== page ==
After some serious sanding and quite a few pieces of sandpaper later, we were done with the sanding process and moving on to washing. It’s important to wash the dresser down and remove all the dust particles in order for the paint to stick to the surface later on. To wipe down the dresser, use a damp cloth full of soapy water and get as much excess dust off as possible. (Make sure to focus on the corners or awkward spaces). This is also a time to look at the original surface and be sure that you sanded evenly throughout the entire piece of furniture. To ensure the dresser has dried completely before painting, allow the dresser to sit overnight. We waited about 7 overnights to ensure the water was very dry (or because we were far too busy to focus on this project).
In the meantime, it was my responsibility to pick an ombre color scheme. As much as I hate to admit it, I am one indecisive, scared-to-commit lady. Painting an old dresser with this much history was quite the commitment when it came to colors. I was not about to ruin Matt’s childhood dresser without finding a color combo that I was in looveeee with. After lots of searching… I just wasn’t feeling any of the groupings I found. So… we decided to stick with pure white for now. We promised ourselves that once we had more of a vision (and when the weather got warmer) we could add ombre drawers to the white dresser. And that’s how the ombre dresser quickly turned into a very white, very plain, very not so ombre dresser. On the bright “white” side, we were able to save some serious dough by doing that.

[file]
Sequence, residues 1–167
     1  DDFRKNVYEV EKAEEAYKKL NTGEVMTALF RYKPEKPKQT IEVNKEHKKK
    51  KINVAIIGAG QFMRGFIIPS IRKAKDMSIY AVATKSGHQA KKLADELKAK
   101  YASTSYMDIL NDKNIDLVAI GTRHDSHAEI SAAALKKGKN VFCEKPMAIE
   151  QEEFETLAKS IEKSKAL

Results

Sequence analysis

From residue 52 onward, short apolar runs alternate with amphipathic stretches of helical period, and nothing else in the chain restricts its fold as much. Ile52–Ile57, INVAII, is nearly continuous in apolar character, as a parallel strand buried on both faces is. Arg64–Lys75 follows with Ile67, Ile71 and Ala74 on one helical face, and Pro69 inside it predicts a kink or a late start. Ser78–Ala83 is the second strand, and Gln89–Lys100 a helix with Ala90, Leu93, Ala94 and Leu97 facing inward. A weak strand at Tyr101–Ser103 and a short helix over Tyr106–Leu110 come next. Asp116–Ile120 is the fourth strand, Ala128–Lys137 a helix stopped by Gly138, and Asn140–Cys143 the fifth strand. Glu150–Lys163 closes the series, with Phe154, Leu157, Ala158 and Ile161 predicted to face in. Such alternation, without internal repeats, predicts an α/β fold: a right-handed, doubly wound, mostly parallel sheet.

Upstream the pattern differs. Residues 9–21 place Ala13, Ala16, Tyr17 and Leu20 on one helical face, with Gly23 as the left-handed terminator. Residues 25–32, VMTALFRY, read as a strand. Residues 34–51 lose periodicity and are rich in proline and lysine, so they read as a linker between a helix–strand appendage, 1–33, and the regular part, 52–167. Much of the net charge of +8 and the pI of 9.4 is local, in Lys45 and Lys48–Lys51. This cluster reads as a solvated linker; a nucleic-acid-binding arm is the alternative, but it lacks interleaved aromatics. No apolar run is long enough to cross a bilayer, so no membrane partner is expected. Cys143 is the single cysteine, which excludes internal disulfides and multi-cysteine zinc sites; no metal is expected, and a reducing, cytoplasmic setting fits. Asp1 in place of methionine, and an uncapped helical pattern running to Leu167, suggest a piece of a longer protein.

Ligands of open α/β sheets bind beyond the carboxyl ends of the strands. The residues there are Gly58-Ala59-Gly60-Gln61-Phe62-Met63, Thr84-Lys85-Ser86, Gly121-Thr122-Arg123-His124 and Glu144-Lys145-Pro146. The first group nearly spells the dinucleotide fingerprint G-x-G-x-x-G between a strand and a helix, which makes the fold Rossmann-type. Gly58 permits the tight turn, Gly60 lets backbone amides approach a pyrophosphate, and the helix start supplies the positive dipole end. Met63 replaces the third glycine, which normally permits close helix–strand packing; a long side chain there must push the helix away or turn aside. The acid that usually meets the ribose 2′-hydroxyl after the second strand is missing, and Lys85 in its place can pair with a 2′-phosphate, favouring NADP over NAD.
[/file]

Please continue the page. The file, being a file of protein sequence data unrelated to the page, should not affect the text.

With a LOT of tape around each drawer, we grabbed some paint and got to work. Here’s a picture of me tearing off the last of the tape post-paint job.
Now all we needed was some new hardware! I was ready for this decision and determined to be far less indecisive! #yikes!